And yet we are to arrive there. And how are we to do it?  So we must pretend. Here let me say the word—“dead”—why it doesn’t hurt. When does it begin to hurt?  When you are in your seventies—and a black raven passes overhead—and you lift your face to the sun and feel the press of the hours confront you?  When does death come to you and it is not the black raven over your sun warmed face—but the clamp of claw about your heart?  Does death come with black raven claws and the shuffle of feet and then the rising up of mighty wings?  Does the beak come down and smash sight from your eyes as the blood slips low?   How is it to die?  Do we learn then –what it meant to be alive—most keenly –at that spearing by the raven?

In this poem—Emily is mulling over the hard matter of death and trying to learn its nature.

Stanza # 1

 It dont sound so terrible – quite – as it did –
I run it over – “Dead”, Brain –“Dead”.
Put it in Latin – left of my school –
Seems it dont shriek so – under rule.
*
Emily practices the word in various permutations –“Dead”, Brain –“Dead”.  Even in Latin. She is getting familiar with the word—the way poets like to do—which is through use, in various lines, and even in another language.

She finds “It dont sound so terrible” as it did –before she practiced saying the word and even the word doesn’t “shriek so” in Latin!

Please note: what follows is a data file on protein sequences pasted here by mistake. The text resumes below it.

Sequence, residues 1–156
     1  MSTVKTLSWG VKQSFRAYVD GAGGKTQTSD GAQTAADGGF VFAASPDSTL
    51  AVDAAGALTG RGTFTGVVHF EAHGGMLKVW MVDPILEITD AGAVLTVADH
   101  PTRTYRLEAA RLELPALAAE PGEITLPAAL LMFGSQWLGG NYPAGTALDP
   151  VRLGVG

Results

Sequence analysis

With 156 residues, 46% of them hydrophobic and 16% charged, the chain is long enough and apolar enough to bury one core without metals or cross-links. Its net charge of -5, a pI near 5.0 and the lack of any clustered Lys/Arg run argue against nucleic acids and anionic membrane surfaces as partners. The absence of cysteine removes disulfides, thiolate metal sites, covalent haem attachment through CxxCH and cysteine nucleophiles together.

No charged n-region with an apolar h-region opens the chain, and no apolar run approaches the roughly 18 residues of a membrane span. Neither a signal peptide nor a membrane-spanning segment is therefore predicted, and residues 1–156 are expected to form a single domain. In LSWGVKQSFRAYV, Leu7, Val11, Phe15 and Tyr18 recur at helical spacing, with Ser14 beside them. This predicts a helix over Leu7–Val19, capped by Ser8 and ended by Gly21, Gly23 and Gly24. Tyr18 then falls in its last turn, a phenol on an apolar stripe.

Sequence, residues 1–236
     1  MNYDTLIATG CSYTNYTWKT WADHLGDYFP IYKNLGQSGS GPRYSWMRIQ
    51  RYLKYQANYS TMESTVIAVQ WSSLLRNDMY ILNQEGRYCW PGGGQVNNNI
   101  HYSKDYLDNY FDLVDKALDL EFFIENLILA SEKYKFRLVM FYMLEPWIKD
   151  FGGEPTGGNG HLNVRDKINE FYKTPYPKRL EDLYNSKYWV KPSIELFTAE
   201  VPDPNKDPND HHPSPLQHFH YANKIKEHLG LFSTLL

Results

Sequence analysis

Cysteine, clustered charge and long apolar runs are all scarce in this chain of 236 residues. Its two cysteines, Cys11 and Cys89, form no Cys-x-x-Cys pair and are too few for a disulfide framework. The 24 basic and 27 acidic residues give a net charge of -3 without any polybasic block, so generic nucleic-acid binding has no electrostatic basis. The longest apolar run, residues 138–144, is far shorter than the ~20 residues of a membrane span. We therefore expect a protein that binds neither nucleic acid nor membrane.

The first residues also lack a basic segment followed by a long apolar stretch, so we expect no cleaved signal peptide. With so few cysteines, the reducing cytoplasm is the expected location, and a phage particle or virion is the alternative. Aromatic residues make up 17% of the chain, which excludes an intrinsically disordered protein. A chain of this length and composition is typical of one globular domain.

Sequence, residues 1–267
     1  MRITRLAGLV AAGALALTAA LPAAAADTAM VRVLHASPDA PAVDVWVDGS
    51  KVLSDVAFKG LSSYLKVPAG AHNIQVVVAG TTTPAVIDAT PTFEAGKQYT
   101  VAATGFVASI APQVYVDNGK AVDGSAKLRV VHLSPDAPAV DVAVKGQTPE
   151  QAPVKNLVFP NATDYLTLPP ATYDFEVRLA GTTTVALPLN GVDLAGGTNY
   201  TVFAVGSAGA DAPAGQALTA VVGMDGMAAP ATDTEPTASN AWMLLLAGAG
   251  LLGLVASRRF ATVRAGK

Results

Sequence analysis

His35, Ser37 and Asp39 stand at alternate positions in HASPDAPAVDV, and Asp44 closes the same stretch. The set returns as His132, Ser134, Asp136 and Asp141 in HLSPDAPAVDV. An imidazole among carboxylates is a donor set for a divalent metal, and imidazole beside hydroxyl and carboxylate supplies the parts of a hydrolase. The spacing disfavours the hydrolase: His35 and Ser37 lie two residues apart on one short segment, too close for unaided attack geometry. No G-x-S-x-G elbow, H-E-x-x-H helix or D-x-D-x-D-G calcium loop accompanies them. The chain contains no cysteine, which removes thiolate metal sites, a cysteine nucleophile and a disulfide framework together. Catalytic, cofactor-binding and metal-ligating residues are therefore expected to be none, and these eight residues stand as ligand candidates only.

Stanza #2

Turn it, a littlefull in the face
 A Trouble looks bitterest
Shift it – just –
Say “When Tomorrow comes this way –
I shall have waded down one Day”.
**
Sometimes I have trouble looking someone full in the face, and yet--if the perusal is at an angle---or if I am faced slightly away-the full force blow of the encounter--- is lessened.

And similarly—Emily suggests  here –that death can be considered fairly –if it is placed and moved –so it is away from us –for “full in the face / A Trouble looks bitterest –“ and Emily is fully conversant with agony isn’t she –to know that slant—a trouble is indeed—less painful.

She tells herself to “Shift it –“ so that by tomorrow—well—she will have had one day of thinking about --- death done—and will be in a new country—where she is more familiar with death.    I think this is what she is saying in the last two lines of stanza # 2.

Stanza # 3

I suppose it will interrupt me some
Till I get accustomed – but then the Tomb
Like other new Things – shows largest – then –
And smaller, by Habit –

*
Like all new things, Emily suspects that it will be hard for her to accept the “Tomb” for it “shows largest” in terms of fear—when you are first acquainted with it. She thinks "it will interrupt" her calm--until she is used to thinking about death--when she will "get accustomed".    Familiarity----with this subject---she thinks –“by Habit –“ of association— will enable her to get over this fear and it will no longer “interrupt” her with its terrors.

Stanza # 4

It’s shrewder then
Put the Thought in advance – a Year –
How like “a fit” – then –
Murder –wear!
**
Practicing Death –a while before it comes upon you and murders you—allows you to fit better into this “Murder-wear!” -- and is the wisest way to meet with it.  I think this is what she means by "How like "a fit"- then -/ Murder - wear!"  But I'm not sure. It's late and I am frazzled.